Never become complacent. You may reach great success, but maintaining it still takes work. Don’t rest on your laurels. If you have great opportunity then take it. If you’ve made a good IP of a game that people like don’t immediately jump to making something completely different. It may not feel great to keep working on the same project so long, but if people like it and are buying it then strongly consider making more of it.
Don’t take on too much at once either, don’t try to do everything. Do one thing at a time, and finish it. Don’t leave projects unfinished. Resist the temptation to work on what’s new and fun. This is something nearly every game developer struggles with. We’re excited, and interested in so many things, but getting distracted is bad, and not putting in the work work to finish what you started is a bad habit to cultivate. After some point, of working on new projects, the honeymoon period fades, and it begins to become real work. This is when having discipline and willpower matters.
Be willing to cut. If gameplay mechanics are not actually fun then cut them. Part of the polishing process is removing things which do not add to the whole to create a new whole that has higher total value even with less content.
Sometimes simple features can be the most compelling. Recognize these, and make room for them in your projects. Empires have been built on taking simple mechanics, and refining them to be extremely compelling games which have garnered hundreds of millions of downloads.
Subdue your gamer / artist / developer ego. People like different things. Some people like super simple mechanics which you may feel you can’t even begin to understand the appeal of. A reaction I see from many dev when they talk about games they think of as being lesser is to over emphasize their disgust. Acting this out does you no good. Reality is that you need to make money, and you need to serve sizable audiences that actually buy things, want things, are willing to watch ads to get. As a commercial developer, it’s in your interest to get to know your audiences that you choose to serve, and have a willingness to make what they want without letting your personal preferences as a gamer get in the way of delivering a quality product that people enjoy. It’s mostly about money and that’s OK, but it’s also about fulfilling the needs and desires of real people. There is a ton of opportunity in the world. Be honest with yourself with what people actually want, and deliver the best example of that product to them.
Do what you can on your own. Be willing to learn new things. Don’t rush to hire people when you can do it yourself. At the same time, recognize that more successful teams are made up of people who specialize on specific tasks. Still, it’s entirely possible to do everything, or most everything on your own with well scoped projects, and still create hits. Avoid hiring full time people for work that you know is only short term. Pay people based on contracts, and make sure you use good contracts so that you only pay people when work is completed - don’t accept excuses - work with professionals. When you do grow your team grow it slowly. Higher exceptional people who can directly impact your team’s ability to produce great games and pay them well.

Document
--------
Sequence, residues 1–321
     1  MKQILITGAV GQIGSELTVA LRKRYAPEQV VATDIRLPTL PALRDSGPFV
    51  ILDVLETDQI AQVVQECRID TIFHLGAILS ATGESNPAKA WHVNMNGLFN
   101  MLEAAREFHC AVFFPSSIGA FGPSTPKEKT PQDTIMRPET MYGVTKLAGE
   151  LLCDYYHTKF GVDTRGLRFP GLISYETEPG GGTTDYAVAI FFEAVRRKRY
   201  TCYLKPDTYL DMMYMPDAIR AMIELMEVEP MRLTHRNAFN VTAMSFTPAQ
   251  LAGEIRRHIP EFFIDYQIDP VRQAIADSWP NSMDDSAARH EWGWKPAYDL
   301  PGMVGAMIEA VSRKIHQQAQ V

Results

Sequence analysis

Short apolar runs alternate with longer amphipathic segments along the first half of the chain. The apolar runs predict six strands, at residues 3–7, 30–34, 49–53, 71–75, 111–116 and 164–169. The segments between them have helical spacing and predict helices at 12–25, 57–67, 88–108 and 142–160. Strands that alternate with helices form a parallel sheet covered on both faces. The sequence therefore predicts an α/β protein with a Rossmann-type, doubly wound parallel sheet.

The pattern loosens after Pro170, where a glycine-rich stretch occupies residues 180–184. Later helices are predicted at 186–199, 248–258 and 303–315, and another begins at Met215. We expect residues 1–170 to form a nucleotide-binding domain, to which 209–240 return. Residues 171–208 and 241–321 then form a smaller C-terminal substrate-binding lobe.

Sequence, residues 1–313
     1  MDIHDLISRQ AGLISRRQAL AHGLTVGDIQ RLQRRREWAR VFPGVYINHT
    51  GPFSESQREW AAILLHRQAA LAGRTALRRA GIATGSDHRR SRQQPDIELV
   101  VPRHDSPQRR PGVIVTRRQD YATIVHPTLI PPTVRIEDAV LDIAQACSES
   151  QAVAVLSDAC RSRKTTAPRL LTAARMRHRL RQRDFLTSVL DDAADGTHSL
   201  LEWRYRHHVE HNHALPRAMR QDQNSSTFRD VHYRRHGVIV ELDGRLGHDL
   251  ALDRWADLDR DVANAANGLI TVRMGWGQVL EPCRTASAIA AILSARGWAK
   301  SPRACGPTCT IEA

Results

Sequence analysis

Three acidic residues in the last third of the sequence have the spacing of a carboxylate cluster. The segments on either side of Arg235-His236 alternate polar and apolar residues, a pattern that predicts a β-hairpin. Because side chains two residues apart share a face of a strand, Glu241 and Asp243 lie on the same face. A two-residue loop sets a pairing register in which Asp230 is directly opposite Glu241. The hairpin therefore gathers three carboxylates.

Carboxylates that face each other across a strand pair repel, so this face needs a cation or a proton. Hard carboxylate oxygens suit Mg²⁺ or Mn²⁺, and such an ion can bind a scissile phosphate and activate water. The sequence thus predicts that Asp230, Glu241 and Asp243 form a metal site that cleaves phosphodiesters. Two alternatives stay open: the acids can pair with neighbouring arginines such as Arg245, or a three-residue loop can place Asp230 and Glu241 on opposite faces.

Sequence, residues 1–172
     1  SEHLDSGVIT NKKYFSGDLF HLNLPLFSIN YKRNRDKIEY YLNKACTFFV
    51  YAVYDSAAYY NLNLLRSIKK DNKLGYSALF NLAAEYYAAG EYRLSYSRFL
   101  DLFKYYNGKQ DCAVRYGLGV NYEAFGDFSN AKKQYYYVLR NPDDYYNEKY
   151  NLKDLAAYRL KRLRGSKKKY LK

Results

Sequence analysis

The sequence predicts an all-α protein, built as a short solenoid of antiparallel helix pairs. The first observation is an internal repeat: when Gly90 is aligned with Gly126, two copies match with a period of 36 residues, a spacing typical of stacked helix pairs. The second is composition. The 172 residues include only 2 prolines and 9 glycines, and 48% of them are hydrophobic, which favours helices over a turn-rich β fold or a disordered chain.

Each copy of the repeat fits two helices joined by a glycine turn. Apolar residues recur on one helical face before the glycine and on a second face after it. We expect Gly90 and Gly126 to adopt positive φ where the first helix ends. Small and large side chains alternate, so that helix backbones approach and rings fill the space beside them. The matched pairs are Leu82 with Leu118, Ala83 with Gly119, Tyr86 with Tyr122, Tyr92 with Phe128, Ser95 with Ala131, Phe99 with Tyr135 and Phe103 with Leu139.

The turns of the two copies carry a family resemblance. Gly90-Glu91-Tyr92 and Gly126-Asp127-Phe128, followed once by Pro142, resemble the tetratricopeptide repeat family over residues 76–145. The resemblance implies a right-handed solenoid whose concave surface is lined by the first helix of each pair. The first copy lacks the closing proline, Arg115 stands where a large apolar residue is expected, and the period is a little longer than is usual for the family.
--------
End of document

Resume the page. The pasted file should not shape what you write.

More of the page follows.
Be careful with how you spend your time and your money. Don’t spend money just because you are flush with cash. If you get some success, don’t share the news with friends and family. You will find that people will begin to expect things from you (for you to pay - don’t - everyone can pay their fair share), ask things from you (if you loan money to friends or family it can end the relationship - they may avoid you until they can pay you back, and they may never pay you back), and some may even begin to resent you or feel you didn’t earn it and attack you. These are pretty normal things to happen especially with people who come from poverty. You may even begin to feel you didn’t earn it, and feel like you just got lucky. Well, maybe you did do the right thing and the right time, but never forget how much you have worked to get what is yours. It’s your success, and you don’t owe anyone else anything. Do what’s in your best interest first always.
Be careful with partnerships. If you can afford to you should prefer to be the owner and hire others. If you must partner with others then make sure the terms are clearly laid out and documented. Being the one willing to sell your share to others is an easier situation than being the buyer.
Be willing to work for others. Many of us have a strong, independent spirit, but if you lack experience, then you should strongly consider waiting to go indie. Find a good employer who can give you stability, and work super hard to become an indispensable employee. Learn as much as you can, push yourself as much as you can.
When hiring programmers make sure that they sign contracts which state that the work they do for you is entirely owned by you. This may seem like it’s not necessary. After all, if you are paying for it don’t you own it? For the entire rights to the work, not necessarily, and that’s why you should make it absolutely clear in a contract.